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So, you successfully whisked all your houseplants safely inside ahead of the Big Bad Chill. And as usual, it was a frantic race against Jack Frost. Now what? Well, if you’re anything like the average over-extended gardener with good intentions but limited time, you probably ran those babies indoors last minute. In other words, you might have skipped the repotting sequence. Or maybe, while schlepping, you intentionally decided to maintain the status quo for pot sizes rather than graduating a plant into a larger (heavier) container. We get it. And there are solutions for “What’s Next?” that don’t entail adding to the weight of your work.

Repotting Alternatives

Just guessing that some of your plants had probably filled their current container when you brought them indoors. In other words, if you checked the root system, healthy roots would be visible around the edges of the soil, winding around. Sure, they could be graduated into a new, larger container.

And that might be optimal, especially if the root system has completely filled the pot. But maybe you don’t have space for a bigger footprint in your home. Or perhaps you don’t want to lug a larger plant around. Or maybe you just love the decorative container that you matched the plant up with and would like to enjoy the combo for another year.

There are solutions. Another method of delivering more food to your plants is to supply a shot of fertilizer. Dilute and serve Coast of Maine’s Liquid Squid Concentrate Fertilizer for Indoor Plants to supply the boost your hungry houseplants crave. Another solution is to sprinkle some Coast of Maine Stonington Blend Plant Food on top of the soil according to the package directions. That way, you’ll be supplying the nourishment your plant needs without adding poundage to the pot. Another alternative to deliver an energy boost is to sprinkle some soil-conditioning Wiscasset Blend Organic Earthworm Castings on top of the soil according to the directions on the bag.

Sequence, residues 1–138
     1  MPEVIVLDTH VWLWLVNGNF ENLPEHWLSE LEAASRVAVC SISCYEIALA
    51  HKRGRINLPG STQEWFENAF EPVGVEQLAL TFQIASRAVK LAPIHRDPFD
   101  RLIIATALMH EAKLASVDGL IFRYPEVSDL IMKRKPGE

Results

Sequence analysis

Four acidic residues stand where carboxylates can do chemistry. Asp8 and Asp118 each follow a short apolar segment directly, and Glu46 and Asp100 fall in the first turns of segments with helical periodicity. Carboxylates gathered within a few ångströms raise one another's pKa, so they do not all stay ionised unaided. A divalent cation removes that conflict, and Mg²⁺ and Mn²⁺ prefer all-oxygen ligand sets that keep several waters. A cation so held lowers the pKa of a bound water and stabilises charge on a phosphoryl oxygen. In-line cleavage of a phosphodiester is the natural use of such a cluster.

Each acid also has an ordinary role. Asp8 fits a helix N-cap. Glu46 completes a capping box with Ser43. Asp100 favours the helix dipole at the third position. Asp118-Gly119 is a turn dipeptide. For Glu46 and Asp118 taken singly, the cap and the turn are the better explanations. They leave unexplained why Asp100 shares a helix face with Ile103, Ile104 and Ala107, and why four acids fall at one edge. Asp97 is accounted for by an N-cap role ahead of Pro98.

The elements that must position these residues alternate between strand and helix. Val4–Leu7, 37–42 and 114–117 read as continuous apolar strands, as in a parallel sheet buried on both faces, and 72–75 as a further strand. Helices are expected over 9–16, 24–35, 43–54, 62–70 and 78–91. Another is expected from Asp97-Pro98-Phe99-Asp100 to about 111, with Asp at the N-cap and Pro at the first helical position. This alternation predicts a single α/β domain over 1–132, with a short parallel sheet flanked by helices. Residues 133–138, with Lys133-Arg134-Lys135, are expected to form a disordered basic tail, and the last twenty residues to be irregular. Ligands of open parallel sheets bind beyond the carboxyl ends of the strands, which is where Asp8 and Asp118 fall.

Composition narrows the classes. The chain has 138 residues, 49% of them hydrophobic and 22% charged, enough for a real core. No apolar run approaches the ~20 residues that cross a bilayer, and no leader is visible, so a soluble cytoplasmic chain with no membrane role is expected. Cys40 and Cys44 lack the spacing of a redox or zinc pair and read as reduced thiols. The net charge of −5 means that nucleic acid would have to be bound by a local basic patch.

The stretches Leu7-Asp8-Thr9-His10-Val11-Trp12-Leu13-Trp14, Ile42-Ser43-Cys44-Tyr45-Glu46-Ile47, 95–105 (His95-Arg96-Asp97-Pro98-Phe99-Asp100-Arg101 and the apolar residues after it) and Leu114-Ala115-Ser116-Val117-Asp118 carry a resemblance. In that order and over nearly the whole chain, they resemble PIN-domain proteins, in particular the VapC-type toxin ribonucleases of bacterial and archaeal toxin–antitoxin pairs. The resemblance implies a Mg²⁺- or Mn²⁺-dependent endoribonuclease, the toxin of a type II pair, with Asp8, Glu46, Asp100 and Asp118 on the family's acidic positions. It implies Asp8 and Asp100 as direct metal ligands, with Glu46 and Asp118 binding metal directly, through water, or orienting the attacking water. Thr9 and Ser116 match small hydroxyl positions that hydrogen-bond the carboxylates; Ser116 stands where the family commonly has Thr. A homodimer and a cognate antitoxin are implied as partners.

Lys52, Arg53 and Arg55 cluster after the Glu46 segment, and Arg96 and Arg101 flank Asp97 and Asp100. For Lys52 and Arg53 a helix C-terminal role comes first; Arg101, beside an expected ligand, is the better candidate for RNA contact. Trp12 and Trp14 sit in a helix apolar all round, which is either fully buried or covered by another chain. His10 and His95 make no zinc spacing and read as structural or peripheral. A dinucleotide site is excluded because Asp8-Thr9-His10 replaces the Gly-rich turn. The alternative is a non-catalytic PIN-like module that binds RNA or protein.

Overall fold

The Last Supper

Meanwhile, autumn signals the start of shorter daylight, and that shift affects your houseplants as well as the cycles outdoors. Most houseplants slip into less active growth when the days shorten. While they’re resting and not making active growth, it’s wise to withhold fertilizer. You still have time to give your plants a couple of meals to get them ready for winter. So, give the whole green family a shot of fertilizer now and again in a few weeks.

Thanksgiving is usually the cut off time to serve a last seasonal feast for your houseplants. For that last serving, dilute the fertilizer a little more than usual to ease into a slower time. And then continue watering your houseplants with tap water when their root systems are dry during the winter months, keeping in mind that on frigid days, your furnace might kick on more readily than usual, resulting in soil that dries out more often. So, while admiring the beauty of your houseplants, keep an eye on the soil to make sure the plants aren’t dry.

Hungry Hearts

Of course, all rules have their exceptions and some houseplants have hungry hearts. Citrus, stephanotis, and winter-blooming jasmine (Jasminum polyanthum) all prefer non-stop feeding throughout the winter. So keep them happy by fertilizing throughout winter. And all your houseplants will appreciate a good meal when the light levels increase from March 1st onward. So be sure to have your fertilizer ready and on hand for that feast.

Meanwhile, enjoy the plants in your home and increase the collection. Houseplants are going to get you through winter. And absolutely, if you adopt a new plant into your home over winter, give it a great container to make that new family member shine. Don’t go crazy with a much larger pot, but be ready to graduate the pot size if necessary when spring rolls around again. It’s all part of playing the good host to every living thing under your care. The good news is that you reap all the beautiful results.


Written by award winning author, Tovah Martin.  Photos also taken by Tovah Martin.  Find her books and more information on her website: tovahmartin.com.

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